Rather than receiving wisdom from the Bible, though, the beliefs which we share have often become a matter of personal opinion. But when we dismiss God’s wisdom in favor of our own folly, and do away with the absolute truths which bind believers together, everyone loses. For instead of timeless values, we have erected artificial boundaries which can be adjusted at any time. To put it another way, we attempt to move the absolutes of God’s Word when they don’t suit us, and we put the immitation in place of scripture.
Like pieces on a chess board, this type of thinking leads to long-term values and morrals being discarded. We think we know what is best for us, but unlike our all-knowing God, we have to remind ourselves that we are blind to the future.
The God who loves you and me has put principles to live by in His Word for our protection and security. He will lead you on the correct path at this moment, if you allow Him to do so. But He also wants to bless you in the future as you walk with Him. And that’s not all. Christ offers the promise of eternal life to those who will trust Him.
While He doesn’t promise us a life free from trouble or pain, God does promise us His peace and joy as He walks through the fire with us. So why not trade in an artificial existence today, for the reality of knowing Christ?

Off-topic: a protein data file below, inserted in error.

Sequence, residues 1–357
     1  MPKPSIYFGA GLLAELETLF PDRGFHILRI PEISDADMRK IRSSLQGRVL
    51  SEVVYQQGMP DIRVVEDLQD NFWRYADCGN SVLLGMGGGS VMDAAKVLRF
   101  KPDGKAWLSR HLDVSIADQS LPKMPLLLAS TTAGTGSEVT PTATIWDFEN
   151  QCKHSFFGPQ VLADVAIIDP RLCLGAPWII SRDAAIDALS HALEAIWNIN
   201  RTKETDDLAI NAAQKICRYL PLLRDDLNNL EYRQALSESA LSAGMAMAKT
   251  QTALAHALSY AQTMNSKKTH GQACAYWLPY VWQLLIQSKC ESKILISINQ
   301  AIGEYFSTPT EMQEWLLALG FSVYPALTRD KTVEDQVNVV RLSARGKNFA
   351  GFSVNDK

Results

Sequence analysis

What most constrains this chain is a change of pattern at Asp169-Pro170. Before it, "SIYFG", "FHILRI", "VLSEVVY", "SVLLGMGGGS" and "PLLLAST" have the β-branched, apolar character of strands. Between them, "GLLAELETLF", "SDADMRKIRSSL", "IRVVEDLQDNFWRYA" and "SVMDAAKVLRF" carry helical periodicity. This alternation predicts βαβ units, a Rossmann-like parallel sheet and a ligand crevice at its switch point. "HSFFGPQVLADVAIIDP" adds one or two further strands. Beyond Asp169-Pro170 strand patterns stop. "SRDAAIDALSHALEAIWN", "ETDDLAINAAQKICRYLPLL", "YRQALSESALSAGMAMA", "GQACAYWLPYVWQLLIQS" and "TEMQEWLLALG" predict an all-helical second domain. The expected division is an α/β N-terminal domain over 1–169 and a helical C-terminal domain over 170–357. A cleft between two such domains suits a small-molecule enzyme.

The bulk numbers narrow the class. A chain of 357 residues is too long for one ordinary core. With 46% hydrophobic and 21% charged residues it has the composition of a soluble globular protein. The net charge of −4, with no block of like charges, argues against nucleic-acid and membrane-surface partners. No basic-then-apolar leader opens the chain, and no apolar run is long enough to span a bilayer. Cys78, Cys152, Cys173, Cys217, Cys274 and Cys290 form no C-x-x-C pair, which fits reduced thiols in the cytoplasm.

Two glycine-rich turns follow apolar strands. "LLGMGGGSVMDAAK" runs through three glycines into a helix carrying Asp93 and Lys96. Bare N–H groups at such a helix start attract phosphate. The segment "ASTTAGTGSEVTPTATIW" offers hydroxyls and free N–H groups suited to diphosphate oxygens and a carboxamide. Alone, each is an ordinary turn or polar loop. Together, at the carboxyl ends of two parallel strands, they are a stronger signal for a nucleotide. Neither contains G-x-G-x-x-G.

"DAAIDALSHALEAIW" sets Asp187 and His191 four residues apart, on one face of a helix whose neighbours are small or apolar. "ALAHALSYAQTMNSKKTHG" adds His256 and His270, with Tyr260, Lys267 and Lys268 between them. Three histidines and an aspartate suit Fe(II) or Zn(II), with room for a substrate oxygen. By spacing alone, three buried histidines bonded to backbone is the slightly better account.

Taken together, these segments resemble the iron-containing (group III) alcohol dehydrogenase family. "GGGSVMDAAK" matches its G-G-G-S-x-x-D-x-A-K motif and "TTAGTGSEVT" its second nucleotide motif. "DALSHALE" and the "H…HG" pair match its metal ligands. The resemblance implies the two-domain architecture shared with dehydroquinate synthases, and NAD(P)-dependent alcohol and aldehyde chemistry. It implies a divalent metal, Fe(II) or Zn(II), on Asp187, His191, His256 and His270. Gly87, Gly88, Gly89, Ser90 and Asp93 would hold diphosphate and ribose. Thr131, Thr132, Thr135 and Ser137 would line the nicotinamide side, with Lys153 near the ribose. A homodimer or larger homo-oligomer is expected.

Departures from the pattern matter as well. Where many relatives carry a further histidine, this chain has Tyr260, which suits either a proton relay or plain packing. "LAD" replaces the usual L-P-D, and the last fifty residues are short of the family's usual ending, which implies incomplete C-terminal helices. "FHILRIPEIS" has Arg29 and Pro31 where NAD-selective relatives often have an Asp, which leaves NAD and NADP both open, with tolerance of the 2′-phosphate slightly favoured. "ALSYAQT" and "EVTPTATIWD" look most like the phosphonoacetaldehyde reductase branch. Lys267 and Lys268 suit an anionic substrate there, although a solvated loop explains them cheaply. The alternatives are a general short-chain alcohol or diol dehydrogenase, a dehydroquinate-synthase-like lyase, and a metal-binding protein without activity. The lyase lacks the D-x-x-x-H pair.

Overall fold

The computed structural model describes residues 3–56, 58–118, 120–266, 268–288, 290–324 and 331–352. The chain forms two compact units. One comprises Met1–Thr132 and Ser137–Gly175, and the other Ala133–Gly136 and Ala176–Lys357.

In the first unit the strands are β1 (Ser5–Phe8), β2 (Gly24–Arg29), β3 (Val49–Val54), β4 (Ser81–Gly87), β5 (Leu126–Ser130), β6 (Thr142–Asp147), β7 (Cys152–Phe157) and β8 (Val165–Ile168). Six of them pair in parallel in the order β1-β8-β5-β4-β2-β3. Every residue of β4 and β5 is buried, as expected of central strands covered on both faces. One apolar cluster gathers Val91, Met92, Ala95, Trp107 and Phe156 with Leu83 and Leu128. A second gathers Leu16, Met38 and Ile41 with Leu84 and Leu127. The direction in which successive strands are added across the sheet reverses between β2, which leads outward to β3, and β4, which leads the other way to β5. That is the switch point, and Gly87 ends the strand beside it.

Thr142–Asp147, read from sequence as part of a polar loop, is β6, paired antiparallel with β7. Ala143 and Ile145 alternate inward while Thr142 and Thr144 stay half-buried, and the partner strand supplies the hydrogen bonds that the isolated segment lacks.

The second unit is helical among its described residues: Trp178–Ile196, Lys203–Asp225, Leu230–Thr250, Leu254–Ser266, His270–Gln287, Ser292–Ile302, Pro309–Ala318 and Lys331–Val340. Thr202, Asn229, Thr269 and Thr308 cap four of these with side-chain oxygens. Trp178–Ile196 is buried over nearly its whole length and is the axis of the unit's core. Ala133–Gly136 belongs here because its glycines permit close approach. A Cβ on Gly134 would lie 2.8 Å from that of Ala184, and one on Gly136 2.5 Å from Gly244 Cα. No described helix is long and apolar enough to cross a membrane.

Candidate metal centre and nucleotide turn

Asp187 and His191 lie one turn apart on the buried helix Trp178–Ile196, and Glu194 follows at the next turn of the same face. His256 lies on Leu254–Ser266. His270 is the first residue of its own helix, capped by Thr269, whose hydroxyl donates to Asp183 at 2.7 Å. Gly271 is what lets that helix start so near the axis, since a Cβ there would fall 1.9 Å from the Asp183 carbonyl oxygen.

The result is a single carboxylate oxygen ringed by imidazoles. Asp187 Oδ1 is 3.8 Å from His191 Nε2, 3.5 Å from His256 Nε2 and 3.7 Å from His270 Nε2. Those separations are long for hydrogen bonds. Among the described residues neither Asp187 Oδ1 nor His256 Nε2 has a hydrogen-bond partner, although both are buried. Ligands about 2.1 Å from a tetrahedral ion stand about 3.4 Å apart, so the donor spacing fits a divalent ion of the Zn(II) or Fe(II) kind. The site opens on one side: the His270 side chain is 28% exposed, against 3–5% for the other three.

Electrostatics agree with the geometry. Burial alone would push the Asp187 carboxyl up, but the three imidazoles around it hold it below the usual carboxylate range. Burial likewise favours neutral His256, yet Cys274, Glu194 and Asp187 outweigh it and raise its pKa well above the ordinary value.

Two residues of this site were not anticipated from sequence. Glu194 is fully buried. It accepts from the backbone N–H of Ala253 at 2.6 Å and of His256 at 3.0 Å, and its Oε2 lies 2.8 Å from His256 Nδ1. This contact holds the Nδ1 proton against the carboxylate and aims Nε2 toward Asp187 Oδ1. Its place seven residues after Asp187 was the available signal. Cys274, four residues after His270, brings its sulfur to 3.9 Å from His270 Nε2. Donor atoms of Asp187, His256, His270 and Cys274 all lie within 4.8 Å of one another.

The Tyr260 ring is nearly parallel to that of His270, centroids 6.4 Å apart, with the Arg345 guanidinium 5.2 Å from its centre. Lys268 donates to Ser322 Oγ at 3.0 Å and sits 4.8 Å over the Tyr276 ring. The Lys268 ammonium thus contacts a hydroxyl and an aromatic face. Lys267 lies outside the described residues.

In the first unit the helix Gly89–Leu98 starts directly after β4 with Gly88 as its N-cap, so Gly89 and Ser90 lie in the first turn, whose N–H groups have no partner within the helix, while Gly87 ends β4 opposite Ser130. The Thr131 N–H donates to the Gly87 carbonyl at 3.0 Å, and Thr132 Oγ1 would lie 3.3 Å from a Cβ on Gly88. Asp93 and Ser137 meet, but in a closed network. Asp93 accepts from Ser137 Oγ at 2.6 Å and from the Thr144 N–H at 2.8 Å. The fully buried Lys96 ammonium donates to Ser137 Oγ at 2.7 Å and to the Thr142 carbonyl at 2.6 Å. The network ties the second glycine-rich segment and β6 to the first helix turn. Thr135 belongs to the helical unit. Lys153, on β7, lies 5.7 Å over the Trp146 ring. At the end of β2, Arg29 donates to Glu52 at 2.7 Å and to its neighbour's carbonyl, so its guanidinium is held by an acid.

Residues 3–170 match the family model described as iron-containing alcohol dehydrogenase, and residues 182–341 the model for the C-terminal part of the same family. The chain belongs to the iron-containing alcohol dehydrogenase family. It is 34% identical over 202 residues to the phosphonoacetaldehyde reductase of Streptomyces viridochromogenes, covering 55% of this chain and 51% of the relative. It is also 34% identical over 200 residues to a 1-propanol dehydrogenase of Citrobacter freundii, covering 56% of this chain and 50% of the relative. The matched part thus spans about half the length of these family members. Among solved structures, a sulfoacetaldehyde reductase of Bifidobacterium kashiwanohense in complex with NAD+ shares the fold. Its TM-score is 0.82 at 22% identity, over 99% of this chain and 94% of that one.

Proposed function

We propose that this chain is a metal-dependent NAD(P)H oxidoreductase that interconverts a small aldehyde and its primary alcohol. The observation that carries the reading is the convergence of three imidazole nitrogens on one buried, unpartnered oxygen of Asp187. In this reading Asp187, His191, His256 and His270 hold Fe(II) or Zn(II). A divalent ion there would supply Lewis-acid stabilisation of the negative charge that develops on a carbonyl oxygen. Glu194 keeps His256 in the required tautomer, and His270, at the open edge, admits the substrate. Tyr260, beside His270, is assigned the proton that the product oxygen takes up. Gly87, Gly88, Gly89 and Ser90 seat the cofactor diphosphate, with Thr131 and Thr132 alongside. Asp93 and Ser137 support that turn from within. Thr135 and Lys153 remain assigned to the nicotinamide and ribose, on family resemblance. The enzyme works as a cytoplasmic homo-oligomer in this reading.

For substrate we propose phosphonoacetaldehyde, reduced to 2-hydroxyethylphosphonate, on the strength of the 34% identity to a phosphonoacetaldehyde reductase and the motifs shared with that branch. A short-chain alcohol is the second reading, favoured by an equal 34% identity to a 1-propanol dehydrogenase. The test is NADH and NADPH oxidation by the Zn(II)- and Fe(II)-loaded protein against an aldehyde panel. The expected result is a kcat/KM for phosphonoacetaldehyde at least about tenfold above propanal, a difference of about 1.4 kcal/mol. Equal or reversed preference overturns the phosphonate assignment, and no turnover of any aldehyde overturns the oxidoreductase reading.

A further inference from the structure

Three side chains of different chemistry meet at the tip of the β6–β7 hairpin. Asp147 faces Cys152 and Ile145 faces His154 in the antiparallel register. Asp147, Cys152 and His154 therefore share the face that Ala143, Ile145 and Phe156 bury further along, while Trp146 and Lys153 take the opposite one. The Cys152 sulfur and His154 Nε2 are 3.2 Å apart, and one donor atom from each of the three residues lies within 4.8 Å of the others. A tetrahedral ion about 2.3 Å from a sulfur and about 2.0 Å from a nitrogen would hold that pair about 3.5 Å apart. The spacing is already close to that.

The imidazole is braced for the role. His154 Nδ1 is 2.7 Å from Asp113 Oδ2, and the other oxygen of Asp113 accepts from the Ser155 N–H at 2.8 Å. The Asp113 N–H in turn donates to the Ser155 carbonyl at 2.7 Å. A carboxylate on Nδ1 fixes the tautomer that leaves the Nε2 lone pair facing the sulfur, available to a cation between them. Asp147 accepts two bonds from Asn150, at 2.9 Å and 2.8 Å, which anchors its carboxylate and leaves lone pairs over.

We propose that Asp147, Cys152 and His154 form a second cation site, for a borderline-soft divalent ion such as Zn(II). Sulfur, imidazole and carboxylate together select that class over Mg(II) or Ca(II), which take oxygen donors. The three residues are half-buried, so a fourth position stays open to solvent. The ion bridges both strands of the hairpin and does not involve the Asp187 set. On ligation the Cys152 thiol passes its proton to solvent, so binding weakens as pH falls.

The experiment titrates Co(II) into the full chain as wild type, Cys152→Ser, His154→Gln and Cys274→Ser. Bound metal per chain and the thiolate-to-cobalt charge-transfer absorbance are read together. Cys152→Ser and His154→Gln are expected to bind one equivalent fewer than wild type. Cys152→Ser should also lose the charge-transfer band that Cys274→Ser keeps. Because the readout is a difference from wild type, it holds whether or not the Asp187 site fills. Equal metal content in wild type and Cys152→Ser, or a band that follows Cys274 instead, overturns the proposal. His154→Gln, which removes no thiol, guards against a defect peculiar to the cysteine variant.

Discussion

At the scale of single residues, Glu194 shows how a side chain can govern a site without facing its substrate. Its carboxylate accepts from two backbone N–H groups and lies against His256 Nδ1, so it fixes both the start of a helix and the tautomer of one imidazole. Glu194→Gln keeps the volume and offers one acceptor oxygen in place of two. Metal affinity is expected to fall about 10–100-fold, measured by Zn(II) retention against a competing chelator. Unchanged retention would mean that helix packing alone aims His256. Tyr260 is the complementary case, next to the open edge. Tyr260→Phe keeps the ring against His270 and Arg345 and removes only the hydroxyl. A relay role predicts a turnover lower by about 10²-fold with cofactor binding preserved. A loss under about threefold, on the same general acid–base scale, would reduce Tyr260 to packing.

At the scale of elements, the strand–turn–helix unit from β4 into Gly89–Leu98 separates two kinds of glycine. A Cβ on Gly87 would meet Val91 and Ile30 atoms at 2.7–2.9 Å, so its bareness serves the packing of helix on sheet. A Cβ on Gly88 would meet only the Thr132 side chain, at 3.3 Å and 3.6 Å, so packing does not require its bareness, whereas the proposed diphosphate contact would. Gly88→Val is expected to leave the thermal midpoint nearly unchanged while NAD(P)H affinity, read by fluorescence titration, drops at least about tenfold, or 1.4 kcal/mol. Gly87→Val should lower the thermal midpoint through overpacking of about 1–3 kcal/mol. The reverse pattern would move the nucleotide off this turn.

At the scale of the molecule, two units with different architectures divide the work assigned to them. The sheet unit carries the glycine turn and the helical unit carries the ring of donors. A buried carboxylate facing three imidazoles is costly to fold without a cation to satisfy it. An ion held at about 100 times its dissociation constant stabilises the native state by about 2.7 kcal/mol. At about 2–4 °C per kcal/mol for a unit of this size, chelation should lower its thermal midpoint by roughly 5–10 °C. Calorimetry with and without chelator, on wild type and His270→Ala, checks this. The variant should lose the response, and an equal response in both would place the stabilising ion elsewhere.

The article which was quoted in this devotion is “Can Artificial Food Put an End to Famine?” It was featured in The Medical Futurist on August 19, 2021. The author’s name is not included in the article. No copyright infringement is intended.
Thank you for reading this, and may the Lord give you a wonderful week! We are trying to reach people who are hurting, so if God lays it on your heart, please consider becoming a partner with us. If you would like to make a donation, please visit www.hcmachaplains.org and click on the Donate Now link. You can also send donations by mail to HCMA (Healthcare Chaplains Ministry Association). Our ID number is 560. The address is 101 S Kraemer BLVD, Suite 123A, Placentia, CA 92870.